In my review of these particular sections of the Labor Code, I believe that Section 4662 and Section 4659 (b) are obviously related. Section 4662 provides for a finding of total permanent disability and Section 4659 (b) provides the disability rate for a total permanent disability case.
Similar to the statements made by Mr. Borah above, I too believe that Section 4662 is still good law. Your statements seem to be taken from a case law review; however, I could find no citation referenced. In looking at the California Compensation Cases indices at the end of each booklet, you can search for Section 4662 case law. For example, in 2013, Section 4662 was discussed in various cases, including 78 CCC 869; 78 CCC 825; and 78 CCC 518. There are other cases which include a discussion of Section 4662; however, none of these cases go into detail as to the impact Senate Bill 899 had on 4662.
I would try a FindLaw search for Section 4662 to see if there are any published appellate decisions. Best of luck to you.
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In response to your question, there is a wonderful two-part article featured through the LexisNexis Legal Newsroom regarding Workers' Compensation Law. I have added the link so you can review this article. As of this date, California Labor Code Section 4662 is still "good" law. Until a binding appellate or en banc decision comes down interpreting this statute in a different way, most Judges will continue handing down the same or similar decisions.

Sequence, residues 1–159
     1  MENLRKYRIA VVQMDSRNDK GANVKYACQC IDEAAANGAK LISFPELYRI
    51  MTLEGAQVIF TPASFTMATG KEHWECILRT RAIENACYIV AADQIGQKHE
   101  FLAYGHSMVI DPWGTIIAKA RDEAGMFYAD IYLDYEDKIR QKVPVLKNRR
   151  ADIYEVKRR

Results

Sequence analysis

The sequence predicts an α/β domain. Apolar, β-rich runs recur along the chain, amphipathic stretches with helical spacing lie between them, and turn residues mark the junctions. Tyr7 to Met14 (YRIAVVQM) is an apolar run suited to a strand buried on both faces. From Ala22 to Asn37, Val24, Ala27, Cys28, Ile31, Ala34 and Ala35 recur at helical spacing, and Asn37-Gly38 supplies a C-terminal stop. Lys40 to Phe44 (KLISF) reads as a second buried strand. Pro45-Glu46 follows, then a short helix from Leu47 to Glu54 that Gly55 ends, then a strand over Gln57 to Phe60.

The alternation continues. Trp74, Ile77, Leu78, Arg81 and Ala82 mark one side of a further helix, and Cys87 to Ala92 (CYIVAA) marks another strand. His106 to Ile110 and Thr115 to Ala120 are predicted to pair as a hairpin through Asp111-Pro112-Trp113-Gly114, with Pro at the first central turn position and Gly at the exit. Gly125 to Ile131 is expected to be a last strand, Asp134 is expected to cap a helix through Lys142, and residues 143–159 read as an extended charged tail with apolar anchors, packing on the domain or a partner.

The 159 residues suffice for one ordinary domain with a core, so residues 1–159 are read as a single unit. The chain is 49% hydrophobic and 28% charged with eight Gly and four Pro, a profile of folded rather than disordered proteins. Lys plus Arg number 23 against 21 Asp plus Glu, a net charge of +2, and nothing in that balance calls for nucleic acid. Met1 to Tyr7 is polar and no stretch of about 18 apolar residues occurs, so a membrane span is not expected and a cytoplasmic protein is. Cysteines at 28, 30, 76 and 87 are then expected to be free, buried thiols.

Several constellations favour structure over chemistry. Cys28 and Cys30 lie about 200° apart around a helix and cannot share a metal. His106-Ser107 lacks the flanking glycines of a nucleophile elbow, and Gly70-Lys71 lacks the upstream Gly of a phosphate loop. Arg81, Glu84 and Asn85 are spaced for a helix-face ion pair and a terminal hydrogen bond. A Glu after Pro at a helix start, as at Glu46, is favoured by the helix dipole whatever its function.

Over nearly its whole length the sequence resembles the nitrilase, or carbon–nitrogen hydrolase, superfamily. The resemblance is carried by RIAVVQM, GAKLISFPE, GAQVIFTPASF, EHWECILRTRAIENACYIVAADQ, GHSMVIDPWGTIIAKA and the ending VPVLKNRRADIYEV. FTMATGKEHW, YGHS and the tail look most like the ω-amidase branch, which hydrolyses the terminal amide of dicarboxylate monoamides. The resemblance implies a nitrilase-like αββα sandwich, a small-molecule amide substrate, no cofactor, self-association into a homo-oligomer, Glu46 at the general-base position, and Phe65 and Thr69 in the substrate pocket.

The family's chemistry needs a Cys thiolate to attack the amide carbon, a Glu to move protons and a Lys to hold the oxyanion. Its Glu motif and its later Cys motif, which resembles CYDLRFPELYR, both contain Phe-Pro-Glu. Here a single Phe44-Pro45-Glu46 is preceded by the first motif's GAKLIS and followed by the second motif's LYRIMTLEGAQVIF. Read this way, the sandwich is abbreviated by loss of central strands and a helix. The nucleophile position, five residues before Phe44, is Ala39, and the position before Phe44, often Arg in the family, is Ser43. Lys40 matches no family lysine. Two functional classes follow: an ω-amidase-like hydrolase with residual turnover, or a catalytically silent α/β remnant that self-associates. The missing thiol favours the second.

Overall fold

Bear in mind however, certain facts can sometimes arise which influence Courts to change their thinking. If you have a specific fact pattern, please advise so that my colleagues and I can offer additional advice.
Hope this helps,
Michael Ian Rott, Esq.
HIDEN, ROTT & OERTLE, LLP
Please be advised that the advice provided does not create any attorney/client relationship; that due to the various state laws that the information provided is a general overview of work comp law, which might not be applicable to you, based upon the laws of your state. We will not file anything on your behalf nor protect any statute of limitations which might arise and recommend that you IMMEDIATELY consult legal counsel for advice.
Judges are providing disability based upon (a)-(d) of 4662. They are also considering the latter part of the code section and find permanent and total disability if there is medical and vocational evidence supporting that finding.
First of all, I agree with what my colleagues have already said. I just want to add a possible qualifier.
For injuries on or before 12/31/2012, I don't think there is much dispute that proving a total loss of earning capacity will result in a permanent total award. However, for injuries on or after 1/1/2013, some doubt exists, as references in the Labor Code to diminished earning capacity have been deleted. There is no longer a statutory connection between permanent disability and loss of earning capacity. The better view probably still supports the idea that a total loss of earning capacity justifies a finding of total permanent disability "in accordance with the fact," but this is certain to be the subject of appellate review.